fascinating and revealing.
The authors found that men, in general, preferred
females in subordinate positions for long-term stable
relationships, including marriage. However, this
preference for women of lower status did not extend
to making casual friendships or going out to social
functions together. For these uncommitted relations,
they did not seem to have a strong preference for
either higher or lower status women. The women in
the group took a different position, expressing
a higher level of confidence and self-assurance.
They were not especially attracted to subservient
males as potential marriage or long-term romantic
partners. Even for casual relationships, they did
not show a preference for men of lower status.
The above findings have received some reinforcement
from a long-term study carried out last year at
four British universities, Bristol, Edinburgh, Aberdeen
and Glasgow, in which social scientists measured
the intelligence quotient (IQ) of 900 young people,
and then followed their career paths for forty years.
They found that girls with the highest IQs (categorized
as brilliant) who were successful in their professional
careers were less likely to find appropriate husbands
in later life. In contrast, the boys suffered no
such disadvantage; instead, those with high IQ also
had better prospects for finding an accomplished
American studies, supported by the US National Institute
of Mental Health, revealed an interesting discordance
in male-female attitudes in today’s social
environment. Several varying views have been advanced
to explain the findings that males and females employ
a different set of criteria to make their choice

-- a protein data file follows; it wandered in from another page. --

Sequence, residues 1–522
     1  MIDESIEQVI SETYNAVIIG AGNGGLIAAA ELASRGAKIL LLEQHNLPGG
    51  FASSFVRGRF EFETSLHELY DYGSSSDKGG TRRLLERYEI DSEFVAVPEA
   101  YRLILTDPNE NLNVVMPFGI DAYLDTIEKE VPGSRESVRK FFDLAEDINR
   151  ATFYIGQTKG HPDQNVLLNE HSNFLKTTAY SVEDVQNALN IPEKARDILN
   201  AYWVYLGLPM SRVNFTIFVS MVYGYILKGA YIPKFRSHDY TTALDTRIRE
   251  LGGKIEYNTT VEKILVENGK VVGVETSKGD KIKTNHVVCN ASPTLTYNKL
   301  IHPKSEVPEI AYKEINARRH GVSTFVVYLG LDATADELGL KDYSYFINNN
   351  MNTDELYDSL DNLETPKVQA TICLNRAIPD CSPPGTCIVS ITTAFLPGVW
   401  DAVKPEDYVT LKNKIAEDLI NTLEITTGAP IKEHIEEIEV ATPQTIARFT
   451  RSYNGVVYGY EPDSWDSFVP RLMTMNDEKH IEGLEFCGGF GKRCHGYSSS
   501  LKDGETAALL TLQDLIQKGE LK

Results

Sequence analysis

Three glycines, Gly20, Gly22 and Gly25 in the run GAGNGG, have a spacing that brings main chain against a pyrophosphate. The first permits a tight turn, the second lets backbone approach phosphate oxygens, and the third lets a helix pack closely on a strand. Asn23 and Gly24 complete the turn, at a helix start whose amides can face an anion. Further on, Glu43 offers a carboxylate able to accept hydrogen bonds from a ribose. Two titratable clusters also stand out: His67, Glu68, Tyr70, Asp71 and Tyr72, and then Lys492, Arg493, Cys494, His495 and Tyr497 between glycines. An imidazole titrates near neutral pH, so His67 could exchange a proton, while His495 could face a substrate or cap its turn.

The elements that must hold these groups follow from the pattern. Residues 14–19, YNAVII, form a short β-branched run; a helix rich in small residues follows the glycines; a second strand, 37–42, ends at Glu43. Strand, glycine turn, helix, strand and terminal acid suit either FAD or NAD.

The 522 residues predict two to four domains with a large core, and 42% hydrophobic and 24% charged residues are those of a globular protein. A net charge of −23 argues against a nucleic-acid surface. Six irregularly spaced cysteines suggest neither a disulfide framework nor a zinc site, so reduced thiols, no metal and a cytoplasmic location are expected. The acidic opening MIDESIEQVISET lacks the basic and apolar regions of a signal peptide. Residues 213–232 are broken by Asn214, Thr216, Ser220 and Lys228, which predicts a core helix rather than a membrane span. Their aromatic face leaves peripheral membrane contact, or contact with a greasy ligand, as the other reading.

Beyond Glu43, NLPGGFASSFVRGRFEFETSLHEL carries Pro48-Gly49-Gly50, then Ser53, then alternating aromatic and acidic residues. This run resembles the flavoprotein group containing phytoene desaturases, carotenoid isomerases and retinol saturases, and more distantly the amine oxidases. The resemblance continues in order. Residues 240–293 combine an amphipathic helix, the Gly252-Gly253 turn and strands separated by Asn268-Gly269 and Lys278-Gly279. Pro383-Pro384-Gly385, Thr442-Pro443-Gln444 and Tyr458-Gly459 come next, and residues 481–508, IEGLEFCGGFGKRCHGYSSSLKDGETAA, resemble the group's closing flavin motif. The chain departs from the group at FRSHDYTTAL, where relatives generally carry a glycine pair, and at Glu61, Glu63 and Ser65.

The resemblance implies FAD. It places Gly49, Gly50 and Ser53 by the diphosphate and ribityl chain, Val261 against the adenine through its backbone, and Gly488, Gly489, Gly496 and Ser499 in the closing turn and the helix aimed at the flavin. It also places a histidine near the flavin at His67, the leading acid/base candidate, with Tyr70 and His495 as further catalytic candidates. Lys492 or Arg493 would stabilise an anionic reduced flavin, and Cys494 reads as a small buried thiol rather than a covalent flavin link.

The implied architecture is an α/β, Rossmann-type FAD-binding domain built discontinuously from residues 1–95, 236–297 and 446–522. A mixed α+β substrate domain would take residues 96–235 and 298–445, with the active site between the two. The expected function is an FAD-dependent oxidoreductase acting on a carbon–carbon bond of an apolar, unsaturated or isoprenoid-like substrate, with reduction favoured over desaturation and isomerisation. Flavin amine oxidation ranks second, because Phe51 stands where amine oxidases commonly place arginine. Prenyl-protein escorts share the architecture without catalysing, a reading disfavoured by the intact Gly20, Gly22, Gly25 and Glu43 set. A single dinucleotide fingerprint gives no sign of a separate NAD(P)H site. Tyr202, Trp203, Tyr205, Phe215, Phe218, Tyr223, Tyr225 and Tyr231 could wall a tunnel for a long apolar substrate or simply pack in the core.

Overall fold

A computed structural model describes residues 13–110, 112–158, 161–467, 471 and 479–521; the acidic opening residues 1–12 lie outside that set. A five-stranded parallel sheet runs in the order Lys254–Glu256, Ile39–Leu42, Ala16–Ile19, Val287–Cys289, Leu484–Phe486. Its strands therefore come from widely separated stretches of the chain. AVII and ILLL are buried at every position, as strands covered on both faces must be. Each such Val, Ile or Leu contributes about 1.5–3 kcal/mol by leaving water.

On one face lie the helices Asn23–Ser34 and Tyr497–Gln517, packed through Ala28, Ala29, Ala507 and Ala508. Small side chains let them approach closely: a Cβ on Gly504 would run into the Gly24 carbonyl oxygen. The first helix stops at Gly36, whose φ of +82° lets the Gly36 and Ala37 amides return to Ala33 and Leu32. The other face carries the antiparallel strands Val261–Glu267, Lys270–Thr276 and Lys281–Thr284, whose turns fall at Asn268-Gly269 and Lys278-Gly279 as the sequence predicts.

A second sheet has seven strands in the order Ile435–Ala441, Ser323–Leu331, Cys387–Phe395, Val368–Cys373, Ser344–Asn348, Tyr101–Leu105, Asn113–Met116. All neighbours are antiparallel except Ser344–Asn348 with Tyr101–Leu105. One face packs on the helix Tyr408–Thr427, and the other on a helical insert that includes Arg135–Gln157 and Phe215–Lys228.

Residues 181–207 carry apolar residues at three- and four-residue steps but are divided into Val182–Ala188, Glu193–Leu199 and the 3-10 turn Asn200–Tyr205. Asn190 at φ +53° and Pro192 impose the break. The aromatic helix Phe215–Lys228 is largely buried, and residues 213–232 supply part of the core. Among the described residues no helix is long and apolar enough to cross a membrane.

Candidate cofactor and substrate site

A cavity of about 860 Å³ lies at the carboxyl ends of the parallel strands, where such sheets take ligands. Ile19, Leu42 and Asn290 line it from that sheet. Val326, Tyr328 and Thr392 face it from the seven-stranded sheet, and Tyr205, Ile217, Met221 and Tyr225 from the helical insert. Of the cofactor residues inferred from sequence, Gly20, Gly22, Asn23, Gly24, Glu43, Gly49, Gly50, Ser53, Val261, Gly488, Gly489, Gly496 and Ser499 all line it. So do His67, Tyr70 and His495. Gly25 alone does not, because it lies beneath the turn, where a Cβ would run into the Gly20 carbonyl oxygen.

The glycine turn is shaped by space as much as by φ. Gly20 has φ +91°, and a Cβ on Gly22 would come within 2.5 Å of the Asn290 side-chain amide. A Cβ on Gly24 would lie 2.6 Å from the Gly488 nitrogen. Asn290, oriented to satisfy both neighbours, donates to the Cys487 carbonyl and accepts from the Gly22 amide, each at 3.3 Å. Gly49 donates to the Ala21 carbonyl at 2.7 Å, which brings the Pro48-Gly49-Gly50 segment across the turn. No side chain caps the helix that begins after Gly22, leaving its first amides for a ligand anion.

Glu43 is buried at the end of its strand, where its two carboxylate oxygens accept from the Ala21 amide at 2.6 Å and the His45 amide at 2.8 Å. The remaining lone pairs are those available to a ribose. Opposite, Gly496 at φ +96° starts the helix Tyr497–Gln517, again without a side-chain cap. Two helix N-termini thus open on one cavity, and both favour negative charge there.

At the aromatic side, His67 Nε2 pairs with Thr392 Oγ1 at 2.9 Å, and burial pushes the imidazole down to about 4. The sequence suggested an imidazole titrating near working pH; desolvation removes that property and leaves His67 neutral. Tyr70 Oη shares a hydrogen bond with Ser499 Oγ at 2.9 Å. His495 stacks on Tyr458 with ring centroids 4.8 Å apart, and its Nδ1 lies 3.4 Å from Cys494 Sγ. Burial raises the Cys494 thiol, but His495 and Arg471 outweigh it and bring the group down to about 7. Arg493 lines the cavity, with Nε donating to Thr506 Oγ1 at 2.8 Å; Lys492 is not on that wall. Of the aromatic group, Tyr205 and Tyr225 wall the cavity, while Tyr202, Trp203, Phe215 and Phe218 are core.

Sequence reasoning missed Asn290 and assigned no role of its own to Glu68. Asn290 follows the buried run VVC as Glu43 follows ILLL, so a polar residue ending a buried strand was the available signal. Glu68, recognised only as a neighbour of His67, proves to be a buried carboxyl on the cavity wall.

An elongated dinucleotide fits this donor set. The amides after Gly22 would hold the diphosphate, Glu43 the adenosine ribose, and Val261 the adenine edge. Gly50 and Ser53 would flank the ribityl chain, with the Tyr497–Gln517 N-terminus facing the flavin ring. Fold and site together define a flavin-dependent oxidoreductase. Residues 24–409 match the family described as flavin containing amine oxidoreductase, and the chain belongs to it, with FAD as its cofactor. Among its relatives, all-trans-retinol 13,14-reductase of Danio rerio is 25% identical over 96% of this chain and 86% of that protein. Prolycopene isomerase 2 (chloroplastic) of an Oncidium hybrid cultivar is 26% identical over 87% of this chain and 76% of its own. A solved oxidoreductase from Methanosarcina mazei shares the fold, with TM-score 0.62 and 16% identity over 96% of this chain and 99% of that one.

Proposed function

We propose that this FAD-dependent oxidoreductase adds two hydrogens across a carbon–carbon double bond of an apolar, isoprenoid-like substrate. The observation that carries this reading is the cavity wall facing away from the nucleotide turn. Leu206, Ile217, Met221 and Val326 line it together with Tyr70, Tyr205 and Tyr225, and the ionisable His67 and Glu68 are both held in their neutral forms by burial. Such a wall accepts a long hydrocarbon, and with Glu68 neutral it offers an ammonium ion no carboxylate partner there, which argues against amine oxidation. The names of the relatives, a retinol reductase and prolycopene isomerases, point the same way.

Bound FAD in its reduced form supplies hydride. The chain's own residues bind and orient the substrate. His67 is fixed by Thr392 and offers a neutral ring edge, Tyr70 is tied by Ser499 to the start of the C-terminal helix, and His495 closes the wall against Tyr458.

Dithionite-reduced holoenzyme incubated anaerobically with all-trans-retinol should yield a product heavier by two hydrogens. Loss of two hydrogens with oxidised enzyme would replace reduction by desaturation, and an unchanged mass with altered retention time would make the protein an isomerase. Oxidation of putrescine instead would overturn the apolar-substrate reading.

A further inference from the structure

of marriage partners.
Some anthropologists believe that male behavior
is a vestige of our primitive life on earth when
it was essential that females stayed with the man
and bore his children. A submissive, less-accomplished
female was unlikely to be threatening and more likely
to stick with the man at the time when binding social
contracts, like marriage, did not exist. It would
also ensure that any offspring would be properly
looked after and nurtured. Others propose an alternative
explanation. They believe that traditionally women
have been portrayed in television shows, movies
and literature as serving in inferior or subordinate
roles, rendering these traits in real life acceptable,
indeed attractive attributes. The third possibility
is that women are attracted to powerful, resourceful
males, since they offer security and stability for
them and their future children.
No scientific studies as far as we know have been
conducted in South Asian countries, Pakistan, India,
Bangladesh, to independently ascertain male/female
preferences in the choice of marriage partners.
Since most marriages traditionally are arranged
by parents, a study of this nature may not be feasible
or even meaningful.
When the selections are made by parents, a number
of pragmatic considerations, rooted in the benefits
or otherwise of the anticipated union may prove
decisive. Meanwhile, in the West where women have
now gained much independence, status and affluence,
it may be a while before their success will cease
to be a drawback in the marriage market.